Just over two months after a Tupelov 134 crashed, killing 47 people, another tragedy has befallen Russian skies. This time the disaster has drawn the prolonged attention of the international media, as the accident wiped out almost all of the hockey team Lokomotiv Yaroslavl, 43 people in total, among them players from ten different nations. President Medvedev has paid tribute to the dead and pledged to reform the airline industry. As always, a case of too little, too late. That Russia’s safety record in transportation and infrastructure is lamentable has, for a long time, been tragically obvious.
Very quickly after yesterday’s accident came talk of inadequate fuel as a potential safety glitch. The ever-astute Streetwise Professor has picked up this trail and followed it, leading readers to a deeply disquieting theory:
This is all the more interesting given this story from last week:
Deputy Prime Minister Igor Sechin gathered government officials to formulate a response to looming fuel shortages at the nation’s airports on Tuesday. Media reports had earlier speculated that Moscow airports’ fuel reserves had dropped to critical levels over recent days. Sechin announced at the meeting that a 10-day fuel reserve was to be created for the capital’s airports.
Rosaviation had earlier said that they would call on Rosrezerv to send 180,000 tons of fuel to Moscow airports in order to avoid a collapse in flight scheduling. Vladimir Putin was set to sign the order if necessary, his press-secretary, Dmitry Peskov, said on Tuesday.
Fuel in airports running out?
Kommersant reported on Friday that there was only three days worth of fuel in the capital’s airports. Sheremetyevo reserves were reportedly boosted to four days — about 20,000 tons — but it was done at the expense of other Moscow airports. The fuel crisis in the airports was first reported on Sep. 2 when Moscow airports announced that there was a kerosene shortage and supplies would run out in several days’ time.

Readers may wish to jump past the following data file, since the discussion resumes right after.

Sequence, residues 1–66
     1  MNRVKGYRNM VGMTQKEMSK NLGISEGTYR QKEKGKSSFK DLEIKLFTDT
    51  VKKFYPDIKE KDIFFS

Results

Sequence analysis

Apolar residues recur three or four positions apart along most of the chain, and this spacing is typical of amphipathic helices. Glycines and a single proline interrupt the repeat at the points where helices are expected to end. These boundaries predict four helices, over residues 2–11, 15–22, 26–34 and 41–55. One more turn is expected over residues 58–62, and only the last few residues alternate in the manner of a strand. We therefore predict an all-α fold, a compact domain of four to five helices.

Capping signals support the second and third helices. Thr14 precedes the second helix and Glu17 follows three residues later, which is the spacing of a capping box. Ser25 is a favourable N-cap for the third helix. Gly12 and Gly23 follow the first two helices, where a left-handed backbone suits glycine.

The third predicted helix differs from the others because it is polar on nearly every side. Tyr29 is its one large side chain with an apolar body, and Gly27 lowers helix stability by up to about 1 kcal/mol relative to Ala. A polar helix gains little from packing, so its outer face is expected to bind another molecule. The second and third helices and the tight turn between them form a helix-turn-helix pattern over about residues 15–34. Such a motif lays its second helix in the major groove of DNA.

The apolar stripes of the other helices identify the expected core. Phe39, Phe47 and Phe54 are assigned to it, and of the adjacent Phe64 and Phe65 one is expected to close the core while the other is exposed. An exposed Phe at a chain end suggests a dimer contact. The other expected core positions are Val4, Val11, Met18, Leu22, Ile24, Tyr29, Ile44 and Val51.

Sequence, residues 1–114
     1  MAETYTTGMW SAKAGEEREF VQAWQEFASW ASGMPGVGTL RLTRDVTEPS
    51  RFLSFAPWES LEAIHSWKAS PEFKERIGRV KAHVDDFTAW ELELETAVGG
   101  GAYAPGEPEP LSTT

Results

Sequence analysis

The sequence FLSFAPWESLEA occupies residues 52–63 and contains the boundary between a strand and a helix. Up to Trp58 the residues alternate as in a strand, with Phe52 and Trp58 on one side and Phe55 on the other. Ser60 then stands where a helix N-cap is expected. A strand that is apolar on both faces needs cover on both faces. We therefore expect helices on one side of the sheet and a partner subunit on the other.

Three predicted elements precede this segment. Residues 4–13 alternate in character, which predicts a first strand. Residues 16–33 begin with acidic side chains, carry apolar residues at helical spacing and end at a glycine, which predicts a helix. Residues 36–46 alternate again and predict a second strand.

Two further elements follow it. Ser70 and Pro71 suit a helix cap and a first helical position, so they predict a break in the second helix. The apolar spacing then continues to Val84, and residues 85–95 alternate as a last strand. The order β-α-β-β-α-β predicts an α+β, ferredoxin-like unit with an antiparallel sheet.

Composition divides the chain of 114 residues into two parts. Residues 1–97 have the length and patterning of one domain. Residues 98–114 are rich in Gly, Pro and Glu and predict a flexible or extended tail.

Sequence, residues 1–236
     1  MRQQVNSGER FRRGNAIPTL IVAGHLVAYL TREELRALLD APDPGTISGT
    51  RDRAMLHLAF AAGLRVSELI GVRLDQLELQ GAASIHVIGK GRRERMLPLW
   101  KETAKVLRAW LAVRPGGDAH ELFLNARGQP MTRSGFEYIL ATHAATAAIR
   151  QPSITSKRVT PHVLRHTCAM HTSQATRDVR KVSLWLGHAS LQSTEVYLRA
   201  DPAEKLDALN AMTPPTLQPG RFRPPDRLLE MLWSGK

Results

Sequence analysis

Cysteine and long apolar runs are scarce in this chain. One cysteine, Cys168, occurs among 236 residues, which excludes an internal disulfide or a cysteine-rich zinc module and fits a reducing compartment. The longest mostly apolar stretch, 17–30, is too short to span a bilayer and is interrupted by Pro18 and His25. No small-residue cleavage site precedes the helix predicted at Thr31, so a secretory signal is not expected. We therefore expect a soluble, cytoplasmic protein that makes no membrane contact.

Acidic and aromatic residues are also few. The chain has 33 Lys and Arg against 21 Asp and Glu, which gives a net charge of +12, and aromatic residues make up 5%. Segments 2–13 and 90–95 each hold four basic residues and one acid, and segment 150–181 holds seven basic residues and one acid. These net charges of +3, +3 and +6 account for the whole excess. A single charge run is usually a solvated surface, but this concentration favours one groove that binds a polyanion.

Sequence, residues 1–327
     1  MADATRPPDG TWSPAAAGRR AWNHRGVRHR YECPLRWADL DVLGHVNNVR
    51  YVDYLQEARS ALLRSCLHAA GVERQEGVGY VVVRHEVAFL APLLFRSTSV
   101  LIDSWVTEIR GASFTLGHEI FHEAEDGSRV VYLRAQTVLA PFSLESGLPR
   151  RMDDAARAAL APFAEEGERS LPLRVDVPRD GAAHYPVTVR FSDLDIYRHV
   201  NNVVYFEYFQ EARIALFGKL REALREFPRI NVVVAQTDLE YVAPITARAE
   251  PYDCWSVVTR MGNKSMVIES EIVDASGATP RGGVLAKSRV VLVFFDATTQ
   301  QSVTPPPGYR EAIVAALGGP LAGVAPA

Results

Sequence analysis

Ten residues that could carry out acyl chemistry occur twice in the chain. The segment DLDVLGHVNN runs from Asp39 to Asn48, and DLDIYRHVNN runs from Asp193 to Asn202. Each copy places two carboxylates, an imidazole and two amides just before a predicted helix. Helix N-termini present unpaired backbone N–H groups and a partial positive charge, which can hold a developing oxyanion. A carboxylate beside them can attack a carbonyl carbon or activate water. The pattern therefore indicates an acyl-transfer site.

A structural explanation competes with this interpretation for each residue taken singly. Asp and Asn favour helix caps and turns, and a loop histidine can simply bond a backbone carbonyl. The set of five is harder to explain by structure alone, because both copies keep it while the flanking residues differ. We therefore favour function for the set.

Further recall that since the spring Putin has been browbeating refiners about the pricing of petroleum products, and that refiners had duly pledged to keep prices low. There are no formal price controls (though the government did slap on high export duties to try to keep fuel prices lower in Russia), but in a place like Russia, a threat emanating from Putin can be a very close substitute for formal controls.
The events of the past week give credence to that interpretation. What are the two predictable effects of price controls? 1. Shortages. 2. Declines in product quality (including adulteration). Put it all together: government pressure to keep prices low, shortages, and if the cause of the Yak-42 crash indeed turns out to be a fuel quality problem, a decline in product quality. It fits.
At this point, this is all conjecture. But the conjecture is a plausible one, especially viewed in the context of the way Russia works. The government intervenes–through scary threats–in a market. Predictable consequences follow. Sometimes these consequences are paid in inefficiency and inconvenience. Sometimes they are paid in blood.